Netanyahu, Lapid meet in effort to mend rift

Sources say PM wants to see Yesh Atid in coalition together with haredi parties, as well as Bayit Yehudi, Kadima and Livni's party.

February 7, 2013 14:34
2 minute read.
Yesh Atid leader Yair Lapid and Prime Minister Netanyahu at the Knesset swear in, February 5, 2013.

Lapid Netanyahu at Knesset swear in 370. (photo credit: Marc Israel Sellem/The Jerusalem Post)


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Prime Minister Binyamin Netanyahu and Yesh Atid leader Yair Lapid met for the first time in two weeks on Thursday, in an attempt to ease the tension that has escalated between the leaders of the Knesset’s two largest parties.

Netanyahu and Lapid met for two-and-a-half hours at the Prime Minister’s Residence in Jerusalem on January 24, two days after Lapid surprised many by winning 19 seats in the election. That meeting was described by both sides as very positive, but their relationship has gone downhill since.

Likud Beytenu officials have called Yesh Atid’s opening demands for joining the coalition exaggerated and arrogant.

Netanyahu was angered by a reported understanding between Lapid and Bayit Yehudi chairman Naftali Bennett that their parties would both either join the government or remain in the opposition.

Tension between the two escalated after a statement by the Yesh Atid leader declared that he intended to run for prime minister in the next election and expected to win.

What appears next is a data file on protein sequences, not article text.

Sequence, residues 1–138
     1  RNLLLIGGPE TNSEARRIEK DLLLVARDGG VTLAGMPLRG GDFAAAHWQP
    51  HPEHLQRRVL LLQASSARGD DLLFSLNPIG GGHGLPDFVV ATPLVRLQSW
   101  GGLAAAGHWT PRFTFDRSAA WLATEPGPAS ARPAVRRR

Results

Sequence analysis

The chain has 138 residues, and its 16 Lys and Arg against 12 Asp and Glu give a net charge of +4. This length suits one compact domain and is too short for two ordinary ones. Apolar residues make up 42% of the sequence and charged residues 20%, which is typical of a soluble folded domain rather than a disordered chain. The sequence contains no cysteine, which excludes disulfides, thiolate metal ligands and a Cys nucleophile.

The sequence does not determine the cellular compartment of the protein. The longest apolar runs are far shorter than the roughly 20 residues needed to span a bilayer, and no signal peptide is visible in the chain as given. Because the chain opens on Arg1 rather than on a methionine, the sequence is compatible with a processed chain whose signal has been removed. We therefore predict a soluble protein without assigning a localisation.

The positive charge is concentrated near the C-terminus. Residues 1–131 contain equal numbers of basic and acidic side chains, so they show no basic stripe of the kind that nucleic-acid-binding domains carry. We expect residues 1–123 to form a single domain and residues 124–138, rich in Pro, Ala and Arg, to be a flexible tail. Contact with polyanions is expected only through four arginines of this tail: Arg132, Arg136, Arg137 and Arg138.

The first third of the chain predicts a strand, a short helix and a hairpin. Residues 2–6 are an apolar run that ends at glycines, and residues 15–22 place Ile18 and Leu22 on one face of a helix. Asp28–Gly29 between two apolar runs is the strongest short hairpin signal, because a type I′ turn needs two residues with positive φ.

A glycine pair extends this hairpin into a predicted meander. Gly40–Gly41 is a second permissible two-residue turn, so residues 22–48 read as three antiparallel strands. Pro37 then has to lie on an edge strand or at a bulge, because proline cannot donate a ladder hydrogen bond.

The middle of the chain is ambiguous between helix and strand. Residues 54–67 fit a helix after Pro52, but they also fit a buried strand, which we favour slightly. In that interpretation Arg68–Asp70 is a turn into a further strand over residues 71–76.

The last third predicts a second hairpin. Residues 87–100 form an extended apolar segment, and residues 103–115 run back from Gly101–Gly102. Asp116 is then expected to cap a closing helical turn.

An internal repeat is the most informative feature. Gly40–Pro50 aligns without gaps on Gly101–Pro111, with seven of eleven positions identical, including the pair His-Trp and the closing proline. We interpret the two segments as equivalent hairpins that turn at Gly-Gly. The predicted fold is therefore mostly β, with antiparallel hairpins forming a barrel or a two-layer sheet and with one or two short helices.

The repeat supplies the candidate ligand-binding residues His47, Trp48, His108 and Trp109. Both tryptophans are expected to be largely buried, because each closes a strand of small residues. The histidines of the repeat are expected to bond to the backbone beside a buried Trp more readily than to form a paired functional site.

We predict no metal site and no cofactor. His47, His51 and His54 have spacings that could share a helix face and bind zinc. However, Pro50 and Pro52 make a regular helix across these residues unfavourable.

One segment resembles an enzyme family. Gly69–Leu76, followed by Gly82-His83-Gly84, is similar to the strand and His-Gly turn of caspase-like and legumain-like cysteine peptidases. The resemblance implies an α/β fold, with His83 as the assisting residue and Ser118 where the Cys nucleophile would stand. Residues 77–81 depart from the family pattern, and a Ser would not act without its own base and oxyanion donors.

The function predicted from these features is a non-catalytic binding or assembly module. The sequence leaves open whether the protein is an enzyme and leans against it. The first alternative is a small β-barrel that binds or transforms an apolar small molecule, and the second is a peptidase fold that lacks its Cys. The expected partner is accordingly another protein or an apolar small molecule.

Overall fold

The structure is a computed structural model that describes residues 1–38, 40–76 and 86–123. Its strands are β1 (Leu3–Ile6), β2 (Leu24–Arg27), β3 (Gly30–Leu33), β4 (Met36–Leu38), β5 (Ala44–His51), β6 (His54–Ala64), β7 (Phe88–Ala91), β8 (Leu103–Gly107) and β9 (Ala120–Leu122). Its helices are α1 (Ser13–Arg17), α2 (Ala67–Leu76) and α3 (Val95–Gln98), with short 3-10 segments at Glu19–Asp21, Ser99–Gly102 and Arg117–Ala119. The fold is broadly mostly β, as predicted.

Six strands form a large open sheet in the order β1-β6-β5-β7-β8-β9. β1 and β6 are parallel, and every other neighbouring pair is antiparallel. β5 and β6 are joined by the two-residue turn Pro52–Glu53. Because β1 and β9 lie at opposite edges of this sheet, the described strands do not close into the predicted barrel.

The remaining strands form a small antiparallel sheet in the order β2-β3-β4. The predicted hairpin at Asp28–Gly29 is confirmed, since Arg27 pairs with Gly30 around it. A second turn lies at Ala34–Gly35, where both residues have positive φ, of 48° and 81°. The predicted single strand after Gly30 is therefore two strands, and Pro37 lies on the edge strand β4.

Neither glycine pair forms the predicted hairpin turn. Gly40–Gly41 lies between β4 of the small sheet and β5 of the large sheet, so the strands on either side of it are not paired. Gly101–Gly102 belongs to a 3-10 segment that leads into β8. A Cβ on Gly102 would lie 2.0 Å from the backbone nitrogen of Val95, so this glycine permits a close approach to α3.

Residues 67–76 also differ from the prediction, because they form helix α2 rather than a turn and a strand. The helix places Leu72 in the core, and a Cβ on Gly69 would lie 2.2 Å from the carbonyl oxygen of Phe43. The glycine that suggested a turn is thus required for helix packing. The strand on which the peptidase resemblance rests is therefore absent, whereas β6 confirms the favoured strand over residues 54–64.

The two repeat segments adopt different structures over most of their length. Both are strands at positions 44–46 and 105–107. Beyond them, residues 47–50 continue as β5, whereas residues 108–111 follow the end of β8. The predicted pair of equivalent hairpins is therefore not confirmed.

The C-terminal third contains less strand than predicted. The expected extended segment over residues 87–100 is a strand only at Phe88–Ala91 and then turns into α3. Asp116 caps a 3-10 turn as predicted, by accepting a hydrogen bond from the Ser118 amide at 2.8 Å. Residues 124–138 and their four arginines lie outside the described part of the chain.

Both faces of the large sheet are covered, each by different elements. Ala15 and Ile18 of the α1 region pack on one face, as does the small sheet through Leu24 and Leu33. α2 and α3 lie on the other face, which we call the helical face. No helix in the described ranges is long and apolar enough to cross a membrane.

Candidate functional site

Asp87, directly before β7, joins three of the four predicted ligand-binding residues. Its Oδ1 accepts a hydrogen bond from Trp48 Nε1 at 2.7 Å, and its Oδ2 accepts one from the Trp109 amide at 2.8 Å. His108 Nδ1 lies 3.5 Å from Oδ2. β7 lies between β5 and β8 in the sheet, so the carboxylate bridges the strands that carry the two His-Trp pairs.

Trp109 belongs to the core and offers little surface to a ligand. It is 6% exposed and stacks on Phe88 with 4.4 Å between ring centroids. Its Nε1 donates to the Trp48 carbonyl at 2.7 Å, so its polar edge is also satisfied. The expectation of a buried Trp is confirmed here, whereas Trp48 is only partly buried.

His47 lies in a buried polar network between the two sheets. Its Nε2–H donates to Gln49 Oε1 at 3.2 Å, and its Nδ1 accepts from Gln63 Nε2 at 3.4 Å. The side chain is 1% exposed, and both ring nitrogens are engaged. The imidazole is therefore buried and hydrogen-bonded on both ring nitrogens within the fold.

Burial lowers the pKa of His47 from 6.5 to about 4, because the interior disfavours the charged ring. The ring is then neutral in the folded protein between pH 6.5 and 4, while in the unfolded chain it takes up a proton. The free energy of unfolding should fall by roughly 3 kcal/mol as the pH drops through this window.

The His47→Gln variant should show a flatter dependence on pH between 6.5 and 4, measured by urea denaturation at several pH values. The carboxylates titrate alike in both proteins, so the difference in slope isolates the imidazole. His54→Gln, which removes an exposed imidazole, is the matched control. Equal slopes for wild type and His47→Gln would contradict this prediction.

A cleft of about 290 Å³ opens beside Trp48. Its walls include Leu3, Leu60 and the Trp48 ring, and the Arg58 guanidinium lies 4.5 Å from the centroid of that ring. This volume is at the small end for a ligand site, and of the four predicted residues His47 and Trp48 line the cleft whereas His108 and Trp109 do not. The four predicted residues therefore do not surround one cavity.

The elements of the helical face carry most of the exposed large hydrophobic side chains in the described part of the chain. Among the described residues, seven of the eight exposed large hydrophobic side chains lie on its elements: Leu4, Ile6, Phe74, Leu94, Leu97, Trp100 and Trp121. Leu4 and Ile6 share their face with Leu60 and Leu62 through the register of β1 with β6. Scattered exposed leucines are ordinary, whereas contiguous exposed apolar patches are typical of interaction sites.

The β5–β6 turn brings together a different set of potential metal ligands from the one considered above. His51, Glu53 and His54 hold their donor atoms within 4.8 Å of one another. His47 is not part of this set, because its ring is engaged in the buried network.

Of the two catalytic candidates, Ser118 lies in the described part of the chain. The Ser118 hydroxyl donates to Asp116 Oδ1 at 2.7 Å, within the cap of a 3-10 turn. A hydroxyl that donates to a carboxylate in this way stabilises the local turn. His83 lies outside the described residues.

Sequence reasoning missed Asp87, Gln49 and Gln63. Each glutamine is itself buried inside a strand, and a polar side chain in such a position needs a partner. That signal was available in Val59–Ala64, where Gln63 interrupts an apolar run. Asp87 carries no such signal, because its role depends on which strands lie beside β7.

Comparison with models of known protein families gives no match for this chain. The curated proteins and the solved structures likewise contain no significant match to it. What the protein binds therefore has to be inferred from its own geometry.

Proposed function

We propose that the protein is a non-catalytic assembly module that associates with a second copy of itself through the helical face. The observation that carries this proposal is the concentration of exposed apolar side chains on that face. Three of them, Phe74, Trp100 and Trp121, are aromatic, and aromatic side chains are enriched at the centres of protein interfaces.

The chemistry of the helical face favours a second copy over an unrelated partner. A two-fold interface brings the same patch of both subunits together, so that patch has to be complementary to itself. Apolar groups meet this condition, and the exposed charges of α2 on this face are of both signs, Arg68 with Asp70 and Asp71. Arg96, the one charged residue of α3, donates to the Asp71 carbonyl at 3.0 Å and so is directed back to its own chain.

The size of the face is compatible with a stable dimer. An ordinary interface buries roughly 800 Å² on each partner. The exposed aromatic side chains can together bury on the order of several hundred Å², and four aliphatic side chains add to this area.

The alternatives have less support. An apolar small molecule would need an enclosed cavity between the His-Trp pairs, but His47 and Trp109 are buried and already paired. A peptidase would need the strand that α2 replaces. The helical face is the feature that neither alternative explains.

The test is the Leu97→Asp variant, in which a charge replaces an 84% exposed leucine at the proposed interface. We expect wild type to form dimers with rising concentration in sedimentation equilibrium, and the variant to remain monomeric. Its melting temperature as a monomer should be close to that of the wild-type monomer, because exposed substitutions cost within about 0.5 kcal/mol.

Likud officials said that statement would make it much harder for Netanyahu to trust Lapid.

Following a handshake between Netanyahu and Lapid at the Knesset Tuesday, the two men agreed to meet again one-on-one, in an effort to put coalition talks back on track.

Sources close to Netanyahu said the prime minister wants to see Yesh Atid in his coalition together with haredi parties, as well as Bayit Yehudi, Kadima and The Tzipi Livni Party. The sources said Lapid and the haredi parties would have to compromise to bring that about.

Lapid reached out to the haredi parties on Wednesday when he called for Talmudic studies to be integrated into the core curriculum of the secular Israeli school system. The statement, which Lapid wrote on Facebook, was seen as a bid to challenge accusations that he was anti-religious.

“The haredi parties are energetically spreading rumors that I am trying to harm the Torah world,” he wrote on his Facebook page. “This is nonsense.

King David was a combat soldier, the Rambam [Maimonides] studied secular courses, and Nahmanides and Rashi held jobs.”

The Bayit Yehudi faction, which wants to create a bridge between Yesh Atid and the haredim, held a lengthy meeting at the Knesset on Wednesday on how to equalize the burden of service. But the 12 Bayit Yehudi MKs did not reach a conclusion in the meeting.

Netanyahu, who has not met with Bennett since the election, will hold a symbolic meeting Thursday with Meretz chairwoman Zehava Gal-On.

Gal-On said her party would not enter the coalition but that she hoped Netanyahu would form a government that could take real steps to advance the peace process.

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